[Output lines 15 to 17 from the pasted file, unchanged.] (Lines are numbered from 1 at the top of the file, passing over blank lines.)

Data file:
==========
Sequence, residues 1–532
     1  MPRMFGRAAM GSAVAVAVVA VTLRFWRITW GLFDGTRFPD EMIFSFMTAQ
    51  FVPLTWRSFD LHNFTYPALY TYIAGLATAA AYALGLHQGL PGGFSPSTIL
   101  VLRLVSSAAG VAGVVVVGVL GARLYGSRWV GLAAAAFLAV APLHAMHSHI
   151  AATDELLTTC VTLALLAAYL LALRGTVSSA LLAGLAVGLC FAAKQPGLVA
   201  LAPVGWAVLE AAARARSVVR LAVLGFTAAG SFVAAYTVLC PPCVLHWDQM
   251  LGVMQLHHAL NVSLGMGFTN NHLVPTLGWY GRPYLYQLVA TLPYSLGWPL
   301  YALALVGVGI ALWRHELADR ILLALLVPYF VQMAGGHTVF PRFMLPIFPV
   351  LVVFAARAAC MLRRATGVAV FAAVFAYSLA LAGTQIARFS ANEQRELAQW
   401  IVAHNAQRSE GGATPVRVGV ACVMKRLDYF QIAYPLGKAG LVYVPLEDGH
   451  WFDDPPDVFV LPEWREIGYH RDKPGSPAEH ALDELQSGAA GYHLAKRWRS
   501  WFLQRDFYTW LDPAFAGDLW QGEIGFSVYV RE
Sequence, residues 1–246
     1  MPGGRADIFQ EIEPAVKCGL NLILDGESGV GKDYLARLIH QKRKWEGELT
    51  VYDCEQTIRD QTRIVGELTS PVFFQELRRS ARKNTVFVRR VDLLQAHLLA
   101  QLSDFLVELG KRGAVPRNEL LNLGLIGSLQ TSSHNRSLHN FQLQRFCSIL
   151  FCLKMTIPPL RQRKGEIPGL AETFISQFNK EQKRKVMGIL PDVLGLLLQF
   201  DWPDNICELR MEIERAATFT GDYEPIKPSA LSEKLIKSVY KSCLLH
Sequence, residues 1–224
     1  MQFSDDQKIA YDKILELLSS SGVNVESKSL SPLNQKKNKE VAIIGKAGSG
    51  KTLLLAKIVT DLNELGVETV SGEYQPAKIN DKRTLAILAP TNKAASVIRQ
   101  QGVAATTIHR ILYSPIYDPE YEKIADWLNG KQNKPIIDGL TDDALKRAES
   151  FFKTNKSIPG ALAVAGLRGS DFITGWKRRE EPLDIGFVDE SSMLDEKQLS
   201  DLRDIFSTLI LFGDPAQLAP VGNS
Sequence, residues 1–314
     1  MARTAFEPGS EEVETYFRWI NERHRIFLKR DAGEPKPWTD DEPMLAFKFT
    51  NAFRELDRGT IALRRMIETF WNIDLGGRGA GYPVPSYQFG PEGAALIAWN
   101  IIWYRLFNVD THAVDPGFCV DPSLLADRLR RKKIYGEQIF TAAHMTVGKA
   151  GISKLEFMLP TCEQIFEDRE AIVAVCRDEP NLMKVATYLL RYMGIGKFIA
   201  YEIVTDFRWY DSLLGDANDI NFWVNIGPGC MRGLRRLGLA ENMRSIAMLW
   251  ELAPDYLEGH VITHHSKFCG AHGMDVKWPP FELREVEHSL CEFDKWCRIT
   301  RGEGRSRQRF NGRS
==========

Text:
    51  VYDCEQTIRD QTRIVGELTS PVFFQELRRS ARKNTVFVRR VDLLQAHLLA
   101  QLSDFLVELG KRGAVPRNEL LNLGLIGSLQ TSSHNRSLHN FQLQRFCSIL
   151  FCLKMTIPPL RQRKGEIPGL AETFISQFNK EQKRKVMGIL PDVLGLLLQF